Philosophy of Science 45 (3):335-360 (1978)
AbstractBiological species have been treated traditionally as spatiotemporally unrestricted classes. If they are to perform the function which they do in the evolutionary process, they must be spatiotemporally localized individuals, historical entities. Reinterpreting biological species as historical entities solves several important anomalies in biology, in philosophy of biology, and within philosophy itself. It also has important implications for any attempt to present an "evolutionary" analysis of science and for sciences such as anthropology which are devoted to the study of single species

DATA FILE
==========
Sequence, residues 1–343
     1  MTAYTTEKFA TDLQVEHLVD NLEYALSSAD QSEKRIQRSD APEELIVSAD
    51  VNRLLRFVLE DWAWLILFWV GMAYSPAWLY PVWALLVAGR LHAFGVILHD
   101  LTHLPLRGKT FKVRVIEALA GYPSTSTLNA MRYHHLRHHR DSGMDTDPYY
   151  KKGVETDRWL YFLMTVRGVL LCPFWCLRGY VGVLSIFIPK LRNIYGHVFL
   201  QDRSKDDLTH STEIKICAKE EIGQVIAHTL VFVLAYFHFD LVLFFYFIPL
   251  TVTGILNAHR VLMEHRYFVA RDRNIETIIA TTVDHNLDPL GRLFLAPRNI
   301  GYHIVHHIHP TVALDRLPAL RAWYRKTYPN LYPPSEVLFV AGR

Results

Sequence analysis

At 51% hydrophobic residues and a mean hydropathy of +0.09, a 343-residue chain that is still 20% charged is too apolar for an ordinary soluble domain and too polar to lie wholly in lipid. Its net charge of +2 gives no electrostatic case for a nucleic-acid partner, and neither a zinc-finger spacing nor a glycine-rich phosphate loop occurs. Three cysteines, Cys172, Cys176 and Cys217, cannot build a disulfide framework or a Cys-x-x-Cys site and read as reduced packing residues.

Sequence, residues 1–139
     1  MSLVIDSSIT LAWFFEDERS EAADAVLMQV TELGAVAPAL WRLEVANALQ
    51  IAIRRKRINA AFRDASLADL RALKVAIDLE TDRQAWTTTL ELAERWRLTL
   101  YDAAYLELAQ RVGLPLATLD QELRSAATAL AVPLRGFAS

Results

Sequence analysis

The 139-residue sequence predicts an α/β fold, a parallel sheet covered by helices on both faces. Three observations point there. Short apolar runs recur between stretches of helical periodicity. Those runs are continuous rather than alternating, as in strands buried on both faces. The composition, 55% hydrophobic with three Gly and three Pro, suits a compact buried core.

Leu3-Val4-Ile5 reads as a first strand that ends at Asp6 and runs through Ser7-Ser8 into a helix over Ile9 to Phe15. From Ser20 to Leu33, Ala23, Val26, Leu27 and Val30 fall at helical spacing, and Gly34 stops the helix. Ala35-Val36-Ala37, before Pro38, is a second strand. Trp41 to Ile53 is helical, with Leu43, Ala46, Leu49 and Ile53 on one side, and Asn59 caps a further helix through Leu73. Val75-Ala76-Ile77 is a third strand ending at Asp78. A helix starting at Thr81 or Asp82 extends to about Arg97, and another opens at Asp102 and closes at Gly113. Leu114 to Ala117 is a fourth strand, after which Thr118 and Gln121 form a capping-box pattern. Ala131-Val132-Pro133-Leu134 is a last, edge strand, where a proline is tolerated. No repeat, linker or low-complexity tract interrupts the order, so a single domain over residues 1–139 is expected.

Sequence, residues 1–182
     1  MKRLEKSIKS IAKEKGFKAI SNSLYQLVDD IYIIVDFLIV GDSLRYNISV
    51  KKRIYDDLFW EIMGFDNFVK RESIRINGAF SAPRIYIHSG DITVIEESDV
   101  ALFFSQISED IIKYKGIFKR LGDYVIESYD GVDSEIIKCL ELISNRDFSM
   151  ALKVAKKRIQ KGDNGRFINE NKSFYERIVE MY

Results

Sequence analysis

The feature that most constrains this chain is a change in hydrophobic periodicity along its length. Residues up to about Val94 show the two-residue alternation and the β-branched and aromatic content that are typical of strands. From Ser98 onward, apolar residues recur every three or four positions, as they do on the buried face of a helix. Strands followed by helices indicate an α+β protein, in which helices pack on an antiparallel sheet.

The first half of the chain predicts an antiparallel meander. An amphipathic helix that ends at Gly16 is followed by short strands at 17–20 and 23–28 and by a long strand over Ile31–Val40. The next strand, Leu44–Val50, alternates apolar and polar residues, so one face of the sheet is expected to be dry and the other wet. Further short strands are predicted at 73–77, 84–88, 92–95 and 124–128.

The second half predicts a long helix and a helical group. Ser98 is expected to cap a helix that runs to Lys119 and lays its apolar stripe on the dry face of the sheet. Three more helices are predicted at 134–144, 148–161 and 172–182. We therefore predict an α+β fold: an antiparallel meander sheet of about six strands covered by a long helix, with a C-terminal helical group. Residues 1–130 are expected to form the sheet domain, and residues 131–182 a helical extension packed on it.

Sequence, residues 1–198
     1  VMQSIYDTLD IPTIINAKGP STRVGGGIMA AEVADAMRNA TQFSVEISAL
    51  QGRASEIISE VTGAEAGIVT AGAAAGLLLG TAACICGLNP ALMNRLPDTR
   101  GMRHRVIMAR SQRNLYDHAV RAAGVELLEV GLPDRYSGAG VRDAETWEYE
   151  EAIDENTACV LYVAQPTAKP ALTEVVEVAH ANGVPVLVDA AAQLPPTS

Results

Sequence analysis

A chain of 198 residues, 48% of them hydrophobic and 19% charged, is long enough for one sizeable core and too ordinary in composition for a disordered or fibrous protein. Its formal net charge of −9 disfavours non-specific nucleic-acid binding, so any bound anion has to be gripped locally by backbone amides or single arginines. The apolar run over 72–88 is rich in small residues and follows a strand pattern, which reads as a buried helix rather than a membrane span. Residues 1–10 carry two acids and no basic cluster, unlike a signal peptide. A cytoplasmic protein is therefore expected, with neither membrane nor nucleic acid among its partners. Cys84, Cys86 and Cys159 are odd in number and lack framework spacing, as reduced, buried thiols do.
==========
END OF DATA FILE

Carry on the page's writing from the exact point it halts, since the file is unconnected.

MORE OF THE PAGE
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Citations of this work
Explanation: a mechanist alternative.William Bechtel & Adele Abrahamsen - 2005 - Studies in History and Philosophy of Biological and Biomedical Sciences 36 (2):421-441.
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